An Arkansas school district saved so much money from switching to solar power for their buildings, they were able to bump up their teachersâ€™ salaries and eliminate their budget deficits.
The Batesville School District in Arkansas switched to solar power in 2017 whenâ€”following an audit by an energy efficiency company called Entegrityâ€”they discovered they were spending $600,000 a year on electricity between six school buildings, while simultaneously running a $250,000 budget deficit.
Batesville superintendent Michael Hester, who knew faculty pay was low, causing a quick staff turnover, took out a bond to help finance a switch from conventional electric power to renewable energy in the form of 1,400 PV solar panels.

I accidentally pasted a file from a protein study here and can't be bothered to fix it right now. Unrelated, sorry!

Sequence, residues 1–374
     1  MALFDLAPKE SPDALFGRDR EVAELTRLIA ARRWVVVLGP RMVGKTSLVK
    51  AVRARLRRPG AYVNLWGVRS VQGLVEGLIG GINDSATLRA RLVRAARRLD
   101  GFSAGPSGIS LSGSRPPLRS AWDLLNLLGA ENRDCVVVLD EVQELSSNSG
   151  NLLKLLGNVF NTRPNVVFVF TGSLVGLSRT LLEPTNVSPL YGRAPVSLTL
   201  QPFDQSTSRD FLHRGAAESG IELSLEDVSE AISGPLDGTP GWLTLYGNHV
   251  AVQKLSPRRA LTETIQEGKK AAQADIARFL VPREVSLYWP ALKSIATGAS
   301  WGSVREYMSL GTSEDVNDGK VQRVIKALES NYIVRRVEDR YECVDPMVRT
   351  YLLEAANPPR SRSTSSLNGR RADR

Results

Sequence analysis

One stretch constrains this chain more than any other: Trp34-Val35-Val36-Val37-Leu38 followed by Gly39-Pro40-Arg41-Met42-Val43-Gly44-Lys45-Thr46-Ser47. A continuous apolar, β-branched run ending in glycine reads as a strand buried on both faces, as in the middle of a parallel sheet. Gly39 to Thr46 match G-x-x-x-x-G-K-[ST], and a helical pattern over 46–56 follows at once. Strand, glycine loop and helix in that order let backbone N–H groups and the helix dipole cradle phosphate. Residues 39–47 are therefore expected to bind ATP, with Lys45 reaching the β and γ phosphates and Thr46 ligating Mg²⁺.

In just three years, Hesterâ€™s gamble turned the quarter-million dollar budget deficit into a $1.8 million surplus, which he used to raise teachersâ€™ pay and even the test scores of their district as a result of being able to hold on to quality teachers. The surrounding districts proceeded to follow Hesterâ€™s example and install solar panels themselves.
Living near a coal-fired plant set to close in a decade, the administrators were worried what public opinion might be regarding the switch, but instead they found a sympathetic populace who understood, according to one report, that solar power represented the jobs of the future.
Batesville joins a number of other school districts nationwide who are switching to solar power. At the end of 2019 in the US, 5.3 million children attended schools powered by solar electricity.
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